Frozen Shoulder: A Systematic Review of Cellular, Molecular, and Metabolic Findings

Jump, Christopher M, Duke, Kathryn, Malik, Rayaz A and Charalambous, Charalambos P (2021) Frozen Shoulder: A Systematic Review of Cellular, Molecular, and Metabolic Findings. JBJS reviews, 9 (1). e19.00153.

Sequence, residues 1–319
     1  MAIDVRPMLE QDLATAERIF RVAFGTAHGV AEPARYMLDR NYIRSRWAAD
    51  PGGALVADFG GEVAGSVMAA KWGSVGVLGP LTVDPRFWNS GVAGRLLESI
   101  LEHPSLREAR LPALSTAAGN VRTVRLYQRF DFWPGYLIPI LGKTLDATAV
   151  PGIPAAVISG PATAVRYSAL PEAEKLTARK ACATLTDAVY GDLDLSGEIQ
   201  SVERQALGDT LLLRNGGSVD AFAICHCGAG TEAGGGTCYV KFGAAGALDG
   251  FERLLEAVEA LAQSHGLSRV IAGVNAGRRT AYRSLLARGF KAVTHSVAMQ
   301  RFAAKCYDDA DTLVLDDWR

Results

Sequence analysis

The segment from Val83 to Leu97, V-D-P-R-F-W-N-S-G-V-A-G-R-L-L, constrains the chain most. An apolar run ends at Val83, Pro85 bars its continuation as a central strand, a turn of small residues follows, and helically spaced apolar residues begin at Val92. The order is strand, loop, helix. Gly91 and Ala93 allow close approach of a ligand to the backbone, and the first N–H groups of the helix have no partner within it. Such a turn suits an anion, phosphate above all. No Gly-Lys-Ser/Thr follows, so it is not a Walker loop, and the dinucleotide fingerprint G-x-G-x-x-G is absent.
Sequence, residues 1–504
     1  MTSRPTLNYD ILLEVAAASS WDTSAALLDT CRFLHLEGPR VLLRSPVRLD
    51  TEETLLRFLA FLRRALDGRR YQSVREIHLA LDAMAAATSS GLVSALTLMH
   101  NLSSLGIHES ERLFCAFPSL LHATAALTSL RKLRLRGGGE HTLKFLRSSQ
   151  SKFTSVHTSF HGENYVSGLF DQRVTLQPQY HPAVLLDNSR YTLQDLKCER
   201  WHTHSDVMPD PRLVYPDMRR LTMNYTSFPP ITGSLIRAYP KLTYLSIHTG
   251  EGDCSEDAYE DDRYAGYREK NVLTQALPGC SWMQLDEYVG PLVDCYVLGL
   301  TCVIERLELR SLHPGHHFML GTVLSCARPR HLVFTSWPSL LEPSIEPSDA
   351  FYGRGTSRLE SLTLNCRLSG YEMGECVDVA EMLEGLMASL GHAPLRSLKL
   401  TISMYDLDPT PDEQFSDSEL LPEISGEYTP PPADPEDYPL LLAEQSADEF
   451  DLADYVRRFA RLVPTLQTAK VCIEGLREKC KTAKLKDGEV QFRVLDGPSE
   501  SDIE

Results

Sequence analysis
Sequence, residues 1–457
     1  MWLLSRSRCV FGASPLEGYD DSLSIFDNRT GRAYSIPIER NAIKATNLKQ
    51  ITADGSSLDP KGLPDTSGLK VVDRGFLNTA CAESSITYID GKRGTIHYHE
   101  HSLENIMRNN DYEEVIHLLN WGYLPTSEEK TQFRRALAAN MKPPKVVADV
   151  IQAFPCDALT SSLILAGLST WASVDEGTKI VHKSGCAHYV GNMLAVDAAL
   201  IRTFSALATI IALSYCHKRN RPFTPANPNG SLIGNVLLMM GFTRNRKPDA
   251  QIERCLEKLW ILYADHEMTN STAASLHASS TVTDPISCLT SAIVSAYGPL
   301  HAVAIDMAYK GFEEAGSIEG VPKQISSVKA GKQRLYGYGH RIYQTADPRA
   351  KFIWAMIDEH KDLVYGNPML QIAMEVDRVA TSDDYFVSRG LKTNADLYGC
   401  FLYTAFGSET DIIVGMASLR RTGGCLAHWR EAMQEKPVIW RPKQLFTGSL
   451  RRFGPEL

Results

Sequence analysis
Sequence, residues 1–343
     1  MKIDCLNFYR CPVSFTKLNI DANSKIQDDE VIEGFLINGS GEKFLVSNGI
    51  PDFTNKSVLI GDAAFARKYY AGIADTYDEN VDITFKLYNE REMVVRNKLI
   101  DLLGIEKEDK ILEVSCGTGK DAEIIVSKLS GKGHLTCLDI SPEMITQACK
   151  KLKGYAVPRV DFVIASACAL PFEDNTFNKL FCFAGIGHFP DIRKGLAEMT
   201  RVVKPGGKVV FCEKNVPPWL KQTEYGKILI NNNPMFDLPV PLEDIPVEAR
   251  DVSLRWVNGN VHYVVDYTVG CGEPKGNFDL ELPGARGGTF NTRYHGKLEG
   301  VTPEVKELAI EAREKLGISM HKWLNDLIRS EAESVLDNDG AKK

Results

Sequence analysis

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Frozen shoulder is a common, poorly understood condition affecting the shoulder joint, with poor long-term outcomes in some in relation to pain and mobility. Understanding the pathophysiology of frozen shoulder at a cellular level and a molecular level may help in the development of novel treatments. The aim of this study was to perform a systematic review of studies examining the cellular, molecular, and metabolic findings in frozen shoulder. A literature search was conducted using Embase, CINAHL (Cumulative Index of Nursing and Allied Health Literature), and PubMed using relevant terms. Studies were included if they assessed cellular, molecular, or metabolic alterations in tissue or blood samples of patients with frozen shoulder. Of 4,794 studies identified, 25 were included for analysis. Histological findings included nonspecific chronic inflammation and the proliferation of fibroblasts, adipocytes, and blood vessels. Molecular studies showed increased pro-inflammatory mediators, reduced matrix metalloproteinases (MMPs), and increased activity of factors promoting fibroblast activation and nerve growth. Metabolic alterations included an increase in blood lipids. Frozen shoulder is thought to occur after a primary insult to the shoulder triggers a complex cascade and upregulation of growth factors and cytokines with an increased turnover of the extracellular matrix, activation of myofibroblasts with deposition of collagen, and reduced matrix degradation. The presence of a background pro-inflammatory state (e.g., patients with diabetes or hyperlipidemia) may exacerbate these abnormalities. Further work assessing patients in early stages of the disease and comparing the inflammatory or fibrogenic characteristics of the shoulder capsule with those of the other joints may help to determine the initiating factors and to explain the predisposition of the shoulder to stiffness. Our findings may form the basis for identifying new targets for the clinical management of frozen shoulder. [Abstract copyright: Copyright © 2021 by The Journal of Bone and Joint Surgery, Incorporated.]

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